Submitted by Exponential Times on Tue, 2014-04-22 00:39
Science can give patients regenerated organs in the next five years or so. Matthew Putman, Founder and CEO of Nanotronics Imaging (http://goo.gl/6bqiXB), on the political will needed to make this a reality.
Transcript -- What Nanotronics does, we work with a lab that regenerates the esophagus. This of interesting because this was by chance, but I had esophageal cancer. I was lucky enough and had good enough oncologists and scientists working on my case that I recovered from it, but it's incredibly deadly form of cancer. With regenerative medicine you're able to actually take out part of the esophagus and replace it with a bio scaffold and seed that with stem cells so that it can regrow a new scaffold. This has been known for a long time, it's even been tried, but without the ability to do know the exact pore size and the density of how those cells will react to each other, so in other words to have nanoscale resolution it's only an idea, it's only a theoretical idea. Now this is something that's a reality. This should be also applicable to any regenerative processes like this.
Submitted by Exponential Times on Thu, 2014-03-13 23:14
Meyya Meyyappan is the director of the Center for Nanotechnology at NASA Ames Research Center. In this video interview with Physics World, Meyyappan explains why NASA is placing so much faith in nanotechnology for the future of its space-exploration programme. Visit physicsworld.com for more videos, webinars and podcasts.
Submitted by Exponential Times on Sun, 2014-03-02 06:50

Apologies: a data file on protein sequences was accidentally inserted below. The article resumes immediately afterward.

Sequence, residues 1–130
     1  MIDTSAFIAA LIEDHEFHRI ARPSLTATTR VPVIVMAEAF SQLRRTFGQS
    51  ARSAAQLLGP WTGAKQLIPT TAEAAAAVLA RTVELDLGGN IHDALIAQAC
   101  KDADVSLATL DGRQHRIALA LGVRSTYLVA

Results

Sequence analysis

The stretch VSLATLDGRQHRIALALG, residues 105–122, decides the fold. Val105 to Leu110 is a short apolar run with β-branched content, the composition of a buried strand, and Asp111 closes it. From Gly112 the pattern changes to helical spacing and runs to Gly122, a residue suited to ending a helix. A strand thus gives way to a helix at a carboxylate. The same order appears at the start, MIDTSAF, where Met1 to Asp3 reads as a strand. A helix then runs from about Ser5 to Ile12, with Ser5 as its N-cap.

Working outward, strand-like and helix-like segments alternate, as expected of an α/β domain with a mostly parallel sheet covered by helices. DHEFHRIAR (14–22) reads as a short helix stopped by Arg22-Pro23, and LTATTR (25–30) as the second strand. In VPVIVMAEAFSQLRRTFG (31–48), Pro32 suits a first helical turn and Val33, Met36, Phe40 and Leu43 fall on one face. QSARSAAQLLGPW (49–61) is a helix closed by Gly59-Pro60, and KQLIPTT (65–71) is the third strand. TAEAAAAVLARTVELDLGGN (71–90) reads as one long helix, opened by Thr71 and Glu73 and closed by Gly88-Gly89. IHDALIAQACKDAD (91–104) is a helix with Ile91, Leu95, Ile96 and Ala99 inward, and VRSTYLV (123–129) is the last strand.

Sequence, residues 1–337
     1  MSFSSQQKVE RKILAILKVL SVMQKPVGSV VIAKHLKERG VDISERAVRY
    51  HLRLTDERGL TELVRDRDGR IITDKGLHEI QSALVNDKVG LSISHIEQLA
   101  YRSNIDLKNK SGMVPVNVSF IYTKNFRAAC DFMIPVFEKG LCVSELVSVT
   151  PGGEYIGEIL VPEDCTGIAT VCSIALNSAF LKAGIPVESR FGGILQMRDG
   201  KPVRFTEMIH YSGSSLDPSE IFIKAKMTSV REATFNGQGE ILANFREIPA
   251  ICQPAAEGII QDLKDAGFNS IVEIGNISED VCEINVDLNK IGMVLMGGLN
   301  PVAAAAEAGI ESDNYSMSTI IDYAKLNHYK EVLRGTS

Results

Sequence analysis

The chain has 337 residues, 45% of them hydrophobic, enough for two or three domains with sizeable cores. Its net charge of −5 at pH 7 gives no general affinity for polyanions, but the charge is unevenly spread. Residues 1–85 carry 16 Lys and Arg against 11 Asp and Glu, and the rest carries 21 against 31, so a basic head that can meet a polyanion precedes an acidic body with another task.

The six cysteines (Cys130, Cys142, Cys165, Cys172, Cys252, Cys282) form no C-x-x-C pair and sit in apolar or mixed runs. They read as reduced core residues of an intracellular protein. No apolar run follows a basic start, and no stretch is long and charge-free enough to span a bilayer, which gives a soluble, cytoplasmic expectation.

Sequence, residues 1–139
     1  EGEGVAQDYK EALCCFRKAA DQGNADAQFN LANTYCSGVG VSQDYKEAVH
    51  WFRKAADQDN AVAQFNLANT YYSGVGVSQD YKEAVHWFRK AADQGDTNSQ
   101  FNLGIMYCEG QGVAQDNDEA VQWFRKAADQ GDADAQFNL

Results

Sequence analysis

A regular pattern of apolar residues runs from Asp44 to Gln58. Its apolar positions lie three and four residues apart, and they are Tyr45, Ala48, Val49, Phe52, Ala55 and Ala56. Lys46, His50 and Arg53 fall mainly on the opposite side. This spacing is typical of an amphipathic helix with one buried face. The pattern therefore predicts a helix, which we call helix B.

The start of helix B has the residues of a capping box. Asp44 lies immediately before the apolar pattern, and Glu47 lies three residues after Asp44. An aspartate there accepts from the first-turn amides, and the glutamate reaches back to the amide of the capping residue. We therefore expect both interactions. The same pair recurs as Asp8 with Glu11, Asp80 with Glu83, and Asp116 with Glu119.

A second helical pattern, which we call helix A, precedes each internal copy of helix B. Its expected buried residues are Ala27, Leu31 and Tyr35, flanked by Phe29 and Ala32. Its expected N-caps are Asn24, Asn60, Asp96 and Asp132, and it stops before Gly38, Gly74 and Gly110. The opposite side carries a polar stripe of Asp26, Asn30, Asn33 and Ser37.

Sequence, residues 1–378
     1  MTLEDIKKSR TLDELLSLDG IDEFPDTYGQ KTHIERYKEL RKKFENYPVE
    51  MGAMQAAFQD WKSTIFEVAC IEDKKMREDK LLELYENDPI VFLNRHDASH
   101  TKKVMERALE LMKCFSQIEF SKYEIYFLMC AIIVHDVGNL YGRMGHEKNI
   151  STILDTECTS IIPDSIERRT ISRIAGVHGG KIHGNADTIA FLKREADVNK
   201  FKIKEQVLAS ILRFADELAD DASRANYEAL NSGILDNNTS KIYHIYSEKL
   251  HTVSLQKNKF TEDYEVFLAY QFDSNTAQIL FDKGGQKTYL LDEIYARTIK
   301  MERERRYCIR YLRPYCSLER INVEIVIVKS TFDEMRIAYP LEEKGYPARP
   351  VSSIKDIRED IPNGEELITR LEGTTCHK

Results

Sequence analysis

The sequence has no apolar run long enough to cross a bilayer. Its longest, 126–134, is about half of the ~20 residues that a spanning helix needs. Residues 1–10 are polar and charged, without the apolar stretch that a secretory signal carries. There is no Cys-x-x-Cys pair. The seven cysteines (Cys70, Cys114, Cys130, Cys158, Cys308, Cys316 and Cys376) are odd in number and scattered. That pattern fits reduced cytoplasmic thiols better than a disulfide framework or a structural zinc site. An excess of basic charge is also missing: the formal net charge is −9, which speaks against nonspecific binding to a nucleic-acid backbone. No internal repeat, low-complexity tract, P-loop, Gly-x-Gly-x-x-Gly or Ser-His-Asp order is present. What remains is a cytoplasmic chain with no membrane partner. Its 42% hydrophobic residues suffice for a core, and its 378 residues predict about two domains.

Feb. 28 (Bloomberg) -- World-renowned designers will come together on March 10th for the 2nd annual Bloomberg Businessweek Design conference in San Francisco. Meet one of the speakers, Andrew Hessel, a distinguished researcher with Autodesk's bio/nano programmable matter group. He views cells as living computers and life science as an emerging IT industry and he is working toward building viruses that can cure cancer. Bloomberg Businessweek is hosting its second annual design conference at San Francisco's Yerba Buena Center for the Arts on March 10th.For tickets and information, go to: www.bloombergbusinessweekdesign.com (Source: Bloomberg)
Submitted by Exponential Times on Tue, 2014-01-28 05:00
Dr K. Eric Drexler, Academic Visitor at the Oxford Martin Programme on the Impacts of Future Technology, gives a talk on the subject of his book Radical Abundance: How a revolution in nanotechnology will change civilization.
Eric will show how rapid progress in the molecular sciences will enable the development of high-throughput atomically precise manufacturing, a technology with the power to produce radically more of what people want, and at a radically lower cost. The result will shake the foundations of our economy and our relationship to Earth's environment, enabling us to make products of all sorts cleanly, inexpensively, and on a global scale. Radical Abundance allows us to envision a world where high-performance solar arrays cost no more than cardboard and aluminum foil, and billion-processor tablet computers cost about the same. Radical Abundance describes a world on a path to an unexpected future, and raises key questions about implications for global problems and global governance.
Submitted by Exponential Times on Mon, 2014-01-27 09:21
Topics: What is Nanotechnology, and why are Transhumanists interested in it?
Recent MOOC on Nanotechnology (put on by Rice University)?
Who is Eric Drexler? What is Molecular Manufacturing? What about Atomically Precise Manufacturing? Differences?
Eric Drexler / Smalley debate
What near term applications for nanotechnology to you see worth pursuing?